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We always ensure we follow the Glass and Glazing Federation (GGF) Code of Good Practice which sets out standards for members covering the sales process, materials, aftercare and more.

As you’d expect, glass manufacturing is a complex and specialised process. We believe that there needs to be more awareness about industry standards which detail certain allowances within the glass itself.  

When we consider that glass is effectively for looking through not at, it should be inspected as such as the guidelines outline. End users should be advised about these standards where possible, and the nature of the glass manufacturing process whereby very small blemishes can occur.  

We’ve outlined some of the key points from the Code of Good Practice so read on to find out more...  



Glass that is used to produce sealed units is the same as glass used in single glazing. 

The Code of Good Practice states: “Viewing sealed units for scratches on the outer faces of the panes must be carried out before any rendering, plastering or other works adjacent to the glazing takes place, and as early as reasonably practicable following installation.” 



To carry out a professional standard inspection, one should stand in a room no less than 3 metres away from a sealed unit and look directly through it. When inspecting toughened, laminated or coasted glass, one should stand no less than 3 metres away. 

Allowances are made within the guidelines in that if it isn’t possible to stand at the correct distance, then you are able to stand as far away as you can from a sealed unit.  

Inspections should be carried out in natural daylight but not directly towards the sun. There should be no visible moisture on the surface of the glass. Glass must be viewed at an angle of 90º and inspections should exclude a 50mm wide band around the edge of the glass.  (Glass should not be inspected with artificial light or by torch light)




1. View the glass from inside the room standing a minimum of 3m away facing the glass. This is because under normal everyday situations, looking through windows is usually at a distance and not from close up – say within 6 inches of the glass.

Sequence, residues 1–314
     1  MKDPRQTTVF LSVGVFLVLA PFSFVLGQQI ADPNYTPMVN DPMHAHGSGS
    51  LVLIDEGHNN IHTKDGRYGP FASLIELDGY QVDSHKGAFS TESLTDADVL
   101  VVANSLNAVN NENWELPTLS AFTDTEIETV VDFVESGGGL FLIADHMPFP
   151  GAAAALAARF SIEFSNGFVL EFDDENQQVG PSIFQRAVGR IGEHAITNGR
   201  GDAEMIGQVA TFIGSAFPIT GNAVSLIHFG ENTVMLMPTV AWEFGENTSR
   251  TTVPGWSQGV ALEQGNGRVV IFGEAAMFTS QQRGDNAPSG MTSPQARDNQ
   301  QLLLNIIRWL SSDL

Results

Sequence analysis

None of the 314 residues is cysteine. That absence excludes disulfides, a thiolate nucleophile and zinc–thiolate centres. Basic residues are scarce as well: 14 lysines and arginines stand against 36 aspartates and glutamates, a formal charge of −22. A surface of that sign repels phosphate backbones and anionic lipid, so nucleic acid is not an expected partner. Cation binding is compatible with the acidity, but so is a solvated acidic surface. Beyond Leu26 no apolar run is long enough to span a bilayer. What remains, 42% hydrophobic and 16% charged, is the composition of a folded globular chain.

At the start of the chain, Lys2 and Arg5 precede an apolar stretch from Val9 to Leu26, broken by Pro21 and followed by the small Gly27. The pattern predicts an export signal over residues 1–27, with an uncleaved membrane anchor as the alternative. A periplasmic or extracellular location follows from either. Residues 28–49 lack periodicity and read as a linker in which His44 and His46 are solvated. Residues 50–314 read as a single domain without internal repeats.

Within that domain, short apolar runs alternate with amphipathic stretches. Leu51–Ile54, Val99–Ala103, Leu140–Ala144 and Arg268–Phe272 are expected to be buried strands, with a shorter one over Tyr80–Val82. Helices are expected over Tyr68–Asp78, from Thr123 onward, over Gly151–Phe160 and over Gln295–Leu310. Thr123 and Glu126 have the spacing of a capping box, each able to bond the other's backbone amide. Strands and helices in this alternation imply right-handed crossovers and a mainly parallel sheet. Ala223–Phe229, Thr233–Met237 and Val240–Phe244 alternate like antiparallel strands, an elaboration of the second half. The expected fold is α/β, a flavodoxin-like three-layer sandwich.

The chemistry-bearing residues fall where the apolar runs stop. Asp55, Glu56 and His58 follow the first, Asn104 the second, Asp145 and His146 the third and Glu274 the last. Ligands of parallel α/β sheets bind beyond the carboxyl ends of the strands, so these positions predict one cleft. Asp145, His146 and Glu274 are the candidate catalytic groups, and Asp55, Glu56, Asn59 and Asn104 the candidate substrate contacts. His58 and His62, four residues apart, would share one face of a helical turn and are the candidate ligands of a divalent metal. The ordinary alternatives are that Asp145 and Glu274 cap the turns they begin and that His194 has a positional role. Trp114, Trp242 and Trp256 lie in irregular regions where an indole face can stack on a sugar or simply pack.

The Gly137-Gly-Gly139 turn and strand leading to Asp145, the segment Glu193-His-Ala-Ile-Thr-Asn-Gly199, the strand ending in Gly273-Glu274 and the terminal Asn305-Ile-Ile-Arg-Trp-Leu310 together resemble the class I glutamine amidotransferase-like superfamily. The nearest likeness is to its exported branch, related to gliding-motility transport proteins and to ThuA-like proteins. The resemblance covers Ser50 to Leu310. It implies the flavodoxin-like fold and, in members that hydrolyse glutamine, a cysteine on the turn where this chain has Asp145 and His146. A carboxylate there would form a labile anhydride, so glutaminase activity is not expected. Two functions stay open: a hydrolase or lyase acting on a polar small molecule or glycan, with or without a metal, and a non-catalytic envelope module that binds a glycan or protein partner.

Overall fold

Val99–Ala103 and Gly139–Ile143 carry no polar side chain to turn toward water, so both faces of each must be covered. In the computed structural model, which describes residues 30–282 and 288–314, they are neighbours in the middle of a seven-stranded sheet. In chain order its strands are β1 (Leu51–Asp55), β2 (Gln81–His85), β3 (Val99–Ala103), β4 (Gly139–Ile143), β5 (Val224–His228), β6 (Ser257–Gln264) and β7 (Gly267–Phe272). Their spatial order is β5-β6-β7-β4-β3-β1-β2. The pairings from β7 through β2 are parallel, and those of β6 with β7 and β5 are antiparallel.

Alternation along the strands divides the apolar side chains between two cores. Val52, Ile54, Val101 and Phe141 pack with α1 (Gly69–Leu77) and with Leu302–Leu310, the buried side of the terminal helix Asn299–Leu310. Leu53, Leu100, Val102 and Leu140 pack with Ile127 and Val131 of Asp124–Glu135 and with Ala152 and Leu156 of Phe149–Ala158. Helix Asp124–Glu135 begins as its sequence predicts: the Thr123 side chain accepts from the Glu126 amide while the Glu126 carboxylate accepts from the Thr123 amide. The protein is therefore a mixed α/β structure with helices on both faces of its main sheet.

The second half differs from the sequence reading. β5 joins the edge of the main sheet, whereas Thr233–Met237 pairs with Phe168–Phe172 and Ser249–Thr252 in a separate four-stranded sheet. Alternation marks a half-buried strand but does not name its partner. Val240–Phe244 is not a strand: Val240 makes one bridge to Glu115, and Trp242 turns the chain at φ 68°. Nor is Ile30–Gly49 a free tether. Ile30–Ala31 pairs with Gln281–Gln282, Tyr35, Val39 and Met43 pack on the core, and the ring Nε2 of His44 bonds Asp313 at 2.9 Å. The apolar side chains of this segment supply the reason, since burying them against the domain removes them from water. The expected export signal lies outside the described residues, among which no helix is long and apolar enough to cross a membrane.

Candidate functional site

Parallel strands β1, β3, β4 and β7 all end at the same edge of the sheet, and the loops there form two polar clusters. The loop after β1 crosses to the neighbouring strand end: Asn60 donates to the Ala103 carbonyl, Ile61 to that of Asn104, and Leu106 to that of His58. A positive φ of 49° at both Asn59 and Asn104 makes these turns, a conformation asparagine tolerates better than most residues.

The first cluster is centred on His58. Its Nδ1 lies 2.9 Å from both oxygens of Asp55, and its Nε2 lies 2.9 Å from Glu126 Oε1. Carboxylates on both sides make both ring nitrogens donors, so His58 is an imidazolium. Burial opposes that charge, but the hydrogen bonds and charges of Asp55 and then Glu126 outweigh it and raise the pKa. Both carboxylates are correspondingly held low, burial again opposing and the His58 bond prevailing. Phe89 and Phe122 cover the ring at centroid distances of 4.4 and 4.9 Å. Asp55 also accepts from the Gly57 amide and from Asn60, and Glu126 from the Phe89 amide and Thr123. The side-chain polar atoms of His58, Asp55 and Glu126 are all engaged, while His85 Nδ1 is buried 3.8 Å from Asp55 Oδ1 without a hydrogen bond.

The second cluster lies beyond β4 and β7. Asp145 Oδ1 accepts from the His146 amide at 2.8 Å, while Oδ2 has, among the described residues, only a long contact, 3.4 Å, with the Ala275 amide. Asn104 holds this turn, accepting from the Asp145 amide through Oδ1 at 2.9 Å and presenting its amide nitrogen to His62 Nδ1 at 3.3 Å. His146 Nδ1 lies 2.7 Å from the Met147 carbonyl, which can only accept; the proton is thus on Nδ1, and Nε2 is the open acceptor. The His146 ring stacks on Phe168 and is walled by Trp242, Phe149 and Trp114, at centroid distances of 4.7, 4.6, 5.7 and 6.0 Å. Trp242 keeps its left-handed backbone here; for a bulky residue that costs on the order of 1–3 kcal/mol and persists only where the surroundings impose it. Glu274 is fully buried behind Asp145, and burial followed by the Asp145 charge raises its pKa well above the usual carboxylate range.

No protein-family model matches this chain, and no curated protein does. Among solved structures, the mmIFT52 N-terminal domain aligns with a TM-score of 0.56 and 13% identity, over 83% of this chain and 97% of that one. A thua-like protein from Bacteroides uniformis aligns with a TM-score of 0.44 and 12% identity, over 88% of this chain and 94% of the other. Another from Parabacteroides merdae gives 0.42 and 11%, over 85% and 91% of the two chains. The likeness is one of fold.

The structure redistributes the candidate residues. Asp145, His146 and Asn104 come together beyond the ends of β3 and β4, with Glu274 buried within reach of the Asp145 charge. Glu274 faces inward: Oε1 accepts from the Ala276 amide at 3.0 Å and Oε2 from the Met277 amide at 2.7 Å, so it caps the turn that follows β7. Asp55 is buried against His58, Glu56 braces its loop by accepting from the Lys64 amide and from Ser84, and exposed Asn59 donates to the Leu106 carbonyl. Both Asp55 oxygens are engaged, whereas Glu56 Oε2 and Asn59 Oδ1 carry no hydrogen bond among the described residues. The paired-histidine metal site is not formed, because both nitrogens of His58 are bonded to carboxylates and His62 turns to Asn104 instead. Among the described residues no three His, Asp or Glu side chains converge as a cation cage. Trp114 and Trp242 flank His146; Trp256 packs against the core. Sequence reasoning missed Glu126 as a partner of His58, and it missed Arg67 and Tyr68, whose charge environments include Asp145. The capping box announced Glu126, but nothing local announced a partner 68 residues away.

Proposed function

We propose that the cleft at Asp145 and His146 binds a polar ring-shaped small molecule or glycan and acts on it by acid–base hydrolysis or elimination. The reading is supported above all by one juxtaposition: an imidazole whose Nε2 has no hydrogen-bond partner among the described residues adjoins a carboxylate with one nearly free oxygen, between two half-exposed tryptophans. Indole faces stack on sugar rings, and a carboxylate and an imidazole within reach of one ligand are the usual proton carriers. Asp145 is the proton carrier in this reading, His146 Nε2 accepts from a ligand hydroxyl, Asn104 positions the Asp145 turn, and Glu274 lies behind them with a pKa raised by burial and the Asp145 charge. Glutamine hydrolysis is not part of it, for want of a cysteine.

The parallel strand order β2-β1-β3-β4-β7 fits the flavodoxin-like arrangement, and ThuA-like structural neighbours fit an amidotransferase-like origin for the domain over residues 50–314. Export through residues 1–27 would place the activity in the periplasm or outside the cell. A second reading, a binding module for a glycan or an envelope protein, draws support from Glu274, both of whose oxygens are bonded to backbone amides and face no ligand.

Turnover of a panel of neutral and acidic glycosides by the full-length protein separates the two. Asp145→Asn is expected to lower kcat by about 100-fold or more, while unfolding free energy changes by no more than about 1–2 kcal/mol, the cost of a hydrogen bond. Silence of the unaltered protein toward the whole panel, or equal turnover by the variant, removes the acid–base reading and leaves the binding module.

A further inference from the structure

2. Look through the glass and not at it. This is expected as normal as the glass is there to enable a view beyond the window, not stopping at it.

3. Do not inspect in direct sunlight. This is because the direct sun will be refracted by the coating and any tiny imperfections in the glass surface, highlighting items that cannot be seen in normal conditions.

4. Ensure the glass is clean and dry inside and out. It is impossible to check glass that has rain, dust or condensation up on it, mixing up these elements with potential problems.

5. Ignore the 50mm perimeter of the glass. This is because when looking through windows, the eye is drawn to central areas and one doesn’t look through the edge of glazing when viewing. (Obviously large obtrusive marks in the perimeter are not acceptable.)



GGF guidelines specify that any flat transparent glass – such as laminated, toughened or coated, is acceptable if the following are neither obtrusive nor bunched: 

  1. Bubbles or blisters 

  1. Fine scratches no more than 25mm long 

  1. Minute particles  

An important point to note is the guidelines state that the obtrusiveness of blemish is to be judged when looking through the glass under natural light – not at it. They go so far as to state that users should understand that glass used in any sealed unit is a processed product and as a consequence blemishes are to be expected. 

The guidelines confirm that defects such as smears, fingerprints or other dirt on the faces of the glass, or extraneous material in the cavity are unacceptable, if they are visually disturbing. 



A natural phenomenon of toughened glass is that it may show visual distortions which are accentuated by reflections in sealed units. This isn’t a fault as such but can occur.  

Laminated glass can have a few more blemishes as it is made up of several layers. Low emissivity coatings can product transient visual effects. Coating may look like a transparent film or produce a haze in some lights. When lightly coloured objects such as net curtains are placed next to the glazing, it can look slightly darker.  



Sealed units will generally reduce the incidence of condensation, but users should be aware that it may still occur under certain conditions. Such as high internal humidity / moisture levels within a room. 



Occasionally small rainbow effects are produced by the glass refraction of light. This is due to high quality flat sheets of glass being placed parallel to each other.  



Multiple reflections can occur in certain light conditions. This is caused by multiple surface reflections within the sealed units which can vary from pane to pane. 

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